In his weekly address, President Obama talks about consumer protections and takes aim at payday loans. Rough Cut (no reporter narration).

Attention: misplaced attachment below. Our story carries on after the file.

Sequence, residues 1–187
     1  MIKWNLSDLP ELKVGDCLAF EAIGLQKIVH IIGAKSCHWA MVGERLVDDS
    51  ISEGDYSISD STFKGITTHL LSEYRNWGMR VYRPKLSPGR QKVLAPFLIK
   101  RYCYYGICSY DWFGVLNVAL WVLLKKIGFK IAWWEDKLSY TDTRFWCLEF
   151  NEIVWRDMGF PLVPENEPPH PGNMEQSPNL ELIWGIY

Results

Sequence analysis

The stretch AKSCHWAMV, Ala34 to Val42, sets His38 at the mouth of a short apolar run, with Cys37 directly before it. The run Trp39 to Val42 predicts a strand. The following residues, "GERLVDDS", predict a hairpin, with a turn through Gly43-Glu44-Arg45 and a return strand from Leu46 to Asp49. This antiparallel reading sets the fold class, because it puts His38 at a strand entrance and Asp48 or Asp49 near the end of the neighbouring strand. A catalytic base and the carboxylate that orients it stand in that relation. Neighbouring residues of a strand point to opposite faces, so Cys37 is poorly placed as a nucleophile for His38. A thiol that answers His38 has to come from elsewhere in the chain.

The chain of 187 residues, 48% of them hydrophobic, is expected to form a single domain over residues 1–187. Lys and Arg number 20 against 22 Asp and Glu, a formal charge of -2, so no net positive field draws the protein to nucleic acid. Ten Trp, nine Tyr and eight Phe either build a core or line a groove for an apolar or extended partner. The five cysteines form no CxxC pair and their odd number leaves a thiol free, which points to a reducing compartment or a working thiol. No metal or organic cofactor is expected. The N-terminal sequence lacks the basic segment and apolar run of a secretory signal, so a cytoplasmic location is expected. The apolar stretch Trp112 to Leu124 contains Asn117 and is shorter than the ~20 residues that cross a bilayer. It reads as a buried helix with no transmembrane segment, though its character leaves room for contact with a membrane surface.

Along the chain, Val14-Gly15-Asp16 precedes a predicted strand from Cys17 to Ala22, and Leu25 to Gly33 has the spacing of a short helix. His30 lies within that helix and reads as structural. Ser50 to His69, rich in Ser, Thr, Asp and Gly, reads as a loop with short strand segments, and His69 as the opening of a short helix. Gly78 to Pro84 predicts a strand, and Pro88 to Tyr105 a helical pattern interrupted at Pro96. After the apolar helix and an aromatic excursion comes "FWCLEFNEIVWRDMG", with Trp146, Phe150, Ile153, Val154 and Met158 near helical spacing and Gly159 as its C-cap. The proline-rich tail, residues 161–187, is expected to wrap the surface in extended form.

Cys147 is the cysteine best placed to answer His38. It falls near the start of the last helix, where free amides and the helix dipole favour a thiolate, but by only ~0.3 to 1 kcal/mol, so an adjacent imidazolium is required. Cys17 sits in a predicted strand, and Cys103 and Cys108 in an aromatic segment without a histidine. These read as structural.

ROUGH CUT (NO REPORTER NARRATION) President Obama is taking aim at payday loans. In his weekly address, he talked about consumer protections and an important new step being taken by the independent Consumer Financial Protection Bureau to prevent abuses in payday lending. "While payday loans might seem like easy money, folks often end up trapped in a cycle of debt. If you take out a $500 loan, it's easy to wind up paying more than $1,000 in interest and fees," Obama said. Payday loans are small extensions of credit that borrowers agree to repay in a short time, such as when they next receive a paycheck. Similar products include car title loans, in which borrowers use vehicles as collateral, and installment loans, which can be longer-term and are paid back in larger amounts. Lenders who offer the products say they help people who are strapped for cash. But consumer advocates say borrowers often roll over or refinance loans rather than paying them back, racking up debt due to high interest rates and fees. "If you're a payday lender preparing to give a loan, you should make sure that the borrower can afford to pay it back first," Obama said. Republicans in the U.S. House of Representatives are seeking to weaken the consumer watchdog agency by rolling back the Wall Street reform that established it after the 2008 financial crisis. Obama said he would veto legislation that would unravel that reform.